The U.S. truckload spot market has found itself so far this year in the same doldrums where it spent most of 2015, a trend that, unless reversed, will put shippers in the familiar position of calling the pricing shots and motor carriers in the familiar position of taking them.
The spot, or noncontractual, market was weak during virtually all of last year, spiking upward meaningfully on a month-over-month basis only in December. Some chalked up the weakness to the markets reverting to the mean following an extraordinary 2014, when bad winter weather in that year's first quarter shut down capacity, sent spot rates soaring to record highs, and kept them elevated for quarters to follow.
But as the calendar has turned, the comparisons with 2014 have grown stale. After rising at the immediate turn of 2016, spot market load-to-truck ratios—the ratio of the number of loads per available truck—and spot rates slid across the board in the week ending Jan. 16, DAT Solutions, a consultancy that operates one of the nation's largest load board networks, said in a report late Wednesday. In the dry-van segment, load posts fell 21 percent from the week ending Jan. 9, while the number of available trucks rose 29 percent, according to DAT. This caused load-to-truck ratios to drop by 38 percent, DAT said.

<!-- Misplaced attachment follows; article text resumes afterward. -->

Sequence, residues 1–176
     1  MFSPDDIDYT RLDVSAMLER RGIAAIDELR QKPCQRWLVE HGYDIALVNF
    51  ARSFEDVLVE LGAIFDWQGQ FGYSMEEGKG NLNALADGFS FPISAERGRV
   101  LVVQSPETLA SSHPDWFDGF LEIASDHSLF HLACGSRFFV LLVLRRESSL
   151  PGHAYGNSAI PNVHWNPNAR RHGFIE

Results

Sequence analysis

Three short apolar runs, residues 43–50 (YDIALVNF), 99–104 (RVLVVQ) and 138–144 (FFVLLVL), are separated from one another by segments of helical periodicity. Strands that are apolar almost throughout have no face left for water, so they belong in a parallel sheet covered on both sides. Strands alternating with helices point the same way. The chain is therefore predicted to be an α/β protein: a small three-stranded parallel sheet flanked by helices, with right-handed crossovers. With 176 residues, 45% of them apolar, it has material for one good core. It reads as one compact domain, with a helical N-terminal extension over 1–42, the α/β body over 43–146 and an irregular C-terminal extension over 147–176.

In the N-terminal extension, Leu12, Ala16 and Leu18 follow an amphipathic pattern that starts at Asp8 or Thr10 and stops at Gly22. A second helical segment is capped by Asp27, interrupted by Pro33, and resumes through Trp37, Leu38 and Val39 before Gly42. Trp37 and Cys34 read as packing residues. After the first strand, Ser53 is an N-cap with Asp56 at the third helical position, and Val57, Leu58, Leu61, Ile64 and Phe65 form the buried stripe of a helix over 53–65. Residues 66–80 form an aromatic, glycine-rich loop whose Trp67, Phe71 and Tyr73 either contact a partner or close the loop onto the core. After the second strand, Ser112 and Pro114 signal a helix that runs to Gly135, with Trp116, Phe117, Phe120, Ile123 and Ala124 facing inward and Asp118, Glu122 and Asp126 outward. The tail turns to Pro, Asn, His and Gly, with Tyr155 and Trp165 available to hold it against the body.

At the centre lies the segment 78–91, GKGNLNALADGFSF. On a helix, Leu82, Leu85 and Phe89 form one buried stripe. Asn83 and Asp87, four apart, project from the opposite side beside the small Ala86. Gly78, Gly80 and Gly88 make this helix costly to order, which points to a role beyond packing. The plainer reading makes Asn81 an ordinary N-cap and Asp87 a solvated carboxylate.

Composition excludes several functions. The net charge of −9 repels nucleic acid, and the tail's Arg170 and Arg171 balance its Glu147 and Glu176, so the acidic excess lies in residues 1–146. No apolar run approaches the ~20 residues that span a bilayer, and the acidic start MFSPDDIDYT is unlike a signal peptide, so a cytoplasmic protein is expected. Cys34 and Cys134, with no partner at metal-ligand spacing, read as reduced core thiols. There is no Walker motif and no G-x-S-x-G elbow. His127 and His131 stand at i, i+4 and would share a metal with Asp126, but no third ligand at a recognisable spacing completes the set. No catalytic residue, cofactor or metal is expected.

The national average van rate fell 5 cents from the prior week to $1.68 per mile, which included a 1-cent decline in the average fuel surcharge, triggered by declining oil and fuel prices, DAT said. Spot rates are quoted to shippers on an "all-in" basis, which combines the base rate and prevailing fuel surcharge.
The refrigerated and flatbed spot markets didn't fare much better. "Reefer" load posts dropped 26 percent from the prior week, while truck posts jumped 22 percent, resulting a 39-percent fall in the load-to-truck ratio. The national average reefer rate dropped 6 cents, to $1.90 per mile, which included a 1-cent drop in the fuel surcharge. Flatbed loads held steady but available capacity increased 27 percent, resulting in a 21-percent decline in the load-to-truck ratio, DAT said. Average flatbed rates edged 2 cents down, to $1.90 per mile.